It appears that about the middle of the next century itinerant actors were well known; for one of the regulations found in the Burton Annals has the following, under date 1258: “Actors may be entertained, not because they are actors, but because of their poverty; and let not their plays be seen nor heard, nor the performance of them allowed in the presence of the Abbot or the monks." The Clergy differed in opinion as to the lawfulness of such exhibitions; and in an Anglo-French poem written about this time they are sharply censured, and the using of them is restricted to certain places and persons. An English paraphrase of this poem was made by Robert Brunne in 1303; who specifies what pastimes are allowed to “ a clerk of order," declaring it lawful for him to perform Miracle-Plays
of the birth and resurrection of Christ in churches, but a sin to witness them “on the highways or greens.” He also reproves the practice, then not uncommon, of aiding in such performances by lending horses or harness from the monasteries, and especially declares it sacrilege if a priest or clerk lend the hallowed vestments for that purpose.
The dogma of transubstantiation was particularly fruitful of such exhibitions. The festival of Corpus Christi, designed for the furthering of this dogma, was instituted by Pope Urban IV. in 1264. Within a few years from that date, Miracle-Plays were annually performed at Chester during Whitsuntide: they were also introduced at Coventry, York, Durham, Lancaster, Bristol, Cambridge, and other towns; so that the thing became a sort of established usage throughout the kingdom. A considerable variety of subjects, especially such as relate to the Incarnation, the Passion, and the Resurrection, was embraced in the plan of these exhibitions; the purpose being to extend an orthodox belief in those fundamentals of the faith.
A very curious specimen of the plays that grew out of the Corpus-Christi festival was lately discovered in the library of Trinity College, Dublin, the manuscript being, it is said, as old as the reign cf Edward IV., who died in 1483. It is called The Play of the Blessed Sacrament, and is founded on a miracle alleged to have been wrought in the forest of Arragon, in 1461. In form it closely resembles the Miracle-Plays founded on Scripture, the Saviour being one of the characters, the others being five Jews, a bishop, a priest, a merchant, and a physician and his servant. The merchant, having the key of the church, steals the Host, and sells it to the Jews, who promise to turn Christians in case they find its miraculous powers verified. They put the Host to various tests. Being stabbed with their daggers, it bleeds, and one of the Jews goes mad at the sight. They next attempt nailing it to a post, when one of them has his hand torn off; whereupon the physician and his man come in to dress the wound, but after a long comic scene are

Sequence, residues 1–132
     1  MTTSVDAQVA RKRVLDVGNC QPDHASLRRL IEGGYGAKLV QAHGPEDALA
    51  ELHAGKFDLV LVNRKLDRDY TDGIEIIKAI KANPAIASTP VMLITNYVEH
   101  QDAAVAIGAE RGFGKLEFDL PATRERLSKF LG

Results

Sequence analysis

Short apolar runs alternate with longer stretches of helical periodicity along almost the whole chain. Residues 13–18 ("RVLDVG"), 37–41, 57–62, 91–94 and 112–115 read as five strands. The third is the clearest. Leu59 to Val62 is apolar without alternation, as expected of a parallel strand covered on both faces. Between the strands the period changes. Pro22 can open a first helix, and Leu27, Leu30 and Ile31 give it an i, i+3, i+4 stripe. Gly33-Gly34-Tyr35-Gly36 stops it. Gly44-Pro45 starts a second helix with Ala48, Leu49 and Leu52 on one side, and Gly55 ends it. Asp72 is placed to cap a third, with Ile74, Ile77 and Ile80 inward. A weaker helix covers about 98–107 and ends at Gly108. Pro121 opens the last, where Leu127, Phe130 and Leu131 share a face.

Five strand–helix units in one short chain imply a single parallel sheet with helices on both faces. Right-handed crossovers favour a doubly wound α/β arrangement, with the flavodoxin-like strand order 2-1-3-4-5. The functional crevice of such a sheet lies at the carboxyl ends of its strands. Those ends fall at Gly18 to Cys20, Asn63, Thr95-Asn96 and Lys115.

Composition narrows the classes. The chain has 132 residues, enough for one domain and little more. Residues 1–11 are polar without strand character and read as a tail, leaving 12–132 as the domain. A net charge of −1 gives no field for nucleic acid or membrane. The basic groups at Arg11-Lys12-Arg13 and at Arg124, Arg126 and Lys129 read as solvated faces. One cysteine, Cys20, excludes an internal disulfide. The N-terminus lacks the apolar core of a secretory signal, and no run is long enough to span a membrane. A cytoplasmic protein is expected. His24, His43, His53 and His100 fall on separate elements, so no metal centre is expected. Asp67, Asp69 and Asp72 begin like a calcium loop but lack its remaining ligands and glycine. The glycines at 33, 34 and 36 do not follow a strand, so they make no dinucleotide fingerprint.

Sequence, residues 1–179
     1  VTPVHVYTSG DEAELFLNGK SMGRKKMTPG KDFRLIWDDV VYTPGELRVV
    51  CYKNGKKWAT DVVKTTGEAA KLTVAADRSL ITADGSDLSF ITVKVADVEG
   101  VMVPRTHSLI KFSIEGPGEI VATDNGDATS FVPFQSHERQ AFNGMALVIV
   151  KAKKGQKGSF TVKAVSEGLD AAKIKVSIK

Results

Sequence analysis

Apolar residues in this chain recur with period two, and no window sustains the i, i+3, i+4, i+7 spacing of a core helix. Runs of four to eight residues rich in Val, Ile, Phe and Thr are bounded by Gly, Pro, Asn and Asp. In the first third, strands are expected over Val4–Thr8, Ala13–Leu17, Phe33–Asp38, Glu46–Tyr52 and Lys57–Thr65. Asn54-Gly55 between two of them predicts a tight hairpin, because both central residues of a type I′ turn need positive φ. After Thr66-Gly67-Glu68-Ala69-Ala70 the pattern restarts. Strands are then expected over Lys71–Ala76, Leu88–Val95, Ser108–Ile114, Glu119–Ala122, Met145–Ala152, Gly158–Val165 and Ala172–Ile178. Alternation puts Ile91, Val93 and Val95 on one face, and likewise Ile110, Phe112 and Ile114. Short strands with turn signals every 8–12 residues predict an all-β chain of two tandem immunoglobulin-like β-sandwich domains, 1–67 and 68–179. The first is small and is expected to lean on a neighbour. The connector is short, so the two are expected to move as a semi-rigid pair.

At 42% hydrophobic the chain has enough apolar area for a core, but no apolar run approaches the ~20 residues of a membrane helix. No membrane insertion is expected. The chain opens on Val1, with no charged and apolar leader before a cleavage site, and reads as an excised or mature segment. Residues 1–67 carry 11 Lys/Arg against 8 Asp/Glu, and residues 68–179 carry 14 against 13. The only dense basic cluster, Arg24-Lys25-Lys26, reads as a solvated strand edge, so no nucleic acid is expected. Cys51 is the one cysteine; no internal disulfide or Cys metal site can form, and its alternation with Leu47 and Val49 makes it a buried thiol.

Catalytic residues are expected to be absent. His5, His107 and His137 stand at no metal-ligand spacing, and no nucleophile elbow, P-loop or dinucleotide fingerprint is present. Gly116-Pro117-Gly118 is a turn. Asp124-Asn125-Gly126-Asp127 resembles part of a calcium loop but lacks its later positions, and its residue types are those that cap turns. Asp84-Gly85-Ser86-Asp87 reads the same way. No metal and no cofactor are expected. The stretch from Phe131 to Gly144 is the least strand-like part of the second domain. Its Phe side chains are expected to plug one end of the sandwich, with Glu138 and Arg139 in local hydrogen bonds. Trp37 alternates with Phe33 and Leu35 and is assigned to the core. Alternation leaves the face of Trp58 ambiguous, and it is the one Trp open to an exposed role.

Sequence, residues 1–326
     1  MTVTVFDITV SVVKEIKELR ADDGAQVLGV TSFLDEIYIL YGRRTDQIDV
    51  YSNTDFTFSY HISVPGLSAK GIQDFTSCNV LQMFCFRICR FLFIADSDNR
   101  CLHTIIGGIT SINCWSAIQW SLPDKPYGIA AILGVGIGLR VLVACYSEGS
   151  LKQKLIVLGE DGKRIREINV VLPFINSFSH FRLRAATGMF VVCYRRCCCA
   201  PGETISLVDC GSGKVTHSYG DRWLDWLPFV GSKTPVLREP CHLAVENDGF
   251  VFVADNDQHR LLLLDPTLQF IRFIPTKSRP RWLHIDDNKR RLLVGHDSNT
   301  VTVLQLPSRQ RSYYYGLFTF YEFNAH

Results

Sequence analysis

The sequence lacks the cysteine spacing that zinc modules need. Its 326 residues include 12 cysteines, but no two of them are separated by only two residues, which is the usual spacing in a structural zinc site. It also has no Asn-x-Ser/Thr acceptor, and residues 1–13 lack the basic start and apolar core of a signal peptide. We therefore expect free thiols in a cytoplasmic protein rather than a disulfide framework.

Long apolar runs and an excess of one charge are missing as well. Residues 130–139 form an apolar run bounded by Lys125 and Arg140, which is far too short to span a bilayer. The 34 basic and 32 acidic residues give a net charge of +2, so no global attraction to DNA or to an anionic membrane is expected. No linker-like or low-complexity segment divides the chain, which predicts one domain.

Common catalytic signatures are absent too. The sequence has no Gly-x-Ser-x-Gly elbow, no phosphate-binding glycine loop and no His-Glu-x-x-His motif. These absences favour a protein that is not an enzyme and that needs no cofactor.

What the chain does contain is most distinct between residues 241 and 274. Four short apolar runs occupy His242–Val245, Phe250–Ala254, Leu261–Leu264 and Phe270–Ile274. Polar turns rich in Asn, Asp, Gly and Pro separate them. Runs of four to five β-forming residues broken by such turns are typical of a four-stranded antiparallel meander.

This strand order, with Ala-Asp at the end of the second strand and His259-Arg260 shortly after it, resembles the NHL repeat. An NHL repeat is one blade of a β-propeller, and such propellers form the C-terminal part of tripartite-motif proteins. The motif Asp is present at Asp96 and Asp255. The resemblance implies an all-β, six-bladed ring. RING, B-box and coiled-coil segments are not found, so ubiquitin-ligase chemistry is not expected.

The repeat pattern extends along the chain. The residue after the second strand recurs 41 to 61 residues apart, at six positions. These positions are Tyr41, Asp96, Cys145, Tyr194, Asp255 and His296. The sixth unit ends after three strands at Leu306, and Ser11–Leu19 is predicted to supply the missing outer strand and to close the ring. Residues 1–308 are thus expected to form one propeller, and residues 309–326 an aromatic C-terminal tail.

driven out as quacks. The Jews then proceed to boil the Host, but the water forthwith turns blood-red. Finally, they cast it into a heated oven, which presently bursts asunder, and an image of the Saviour rises and addresses the Jews, who make good their promise on the spot. The merchant confesses his theft, declares his penitence, and is forgiven, under a strict charge never again to buy or sell. The whole winds up with an epilogue from the bishop, enforcing the moral of the play, which turns on the dogma of transubstantiation.
There are three sets of Miracle-Plays extant, severally known as the Towneley, Coventry, and Chester Collections; the first including thirty plays, the second forty-two, and the third twenty-four. Some of the manuscripts are thought to be as old as the time of Henry VI., who died in 1471. The three sets have all been recently printed by the Shakespeare Society. The Towneley set most likely belonged to Widkirk Abbey: at what time they grew into use there and at Coventry is not certainly known. At Chester the plays were probably first acted in 1268; after which time they were repeated yearly, with some interruptions, till 1577. And we have conclusive evidence that such exhibitions formed a regular part of English life in the reign of Edward III., which began in 1327. For Chaucer alludes to “plays of miracles” as things of common occurrence; and in The Miller's Tale he makes it a prominent feature of the parish clerk, “that jolly was and gay,” that he performed in them. And in 1378, which was the first year
of Richard II., the choristers of St. Paul's, London, petitioned the King to prohibit some ignorant persons from acting plays founded on Scripture, as conflicting with the interest of the Clergy, who had incurred expense in getting up a set of plays on similar subjects. Stowe informs us, also, that in 1409 there was a great play in London, “ which lasted eight days, and was of matter from the creation of the world.”
As to the general character of the plays, this will best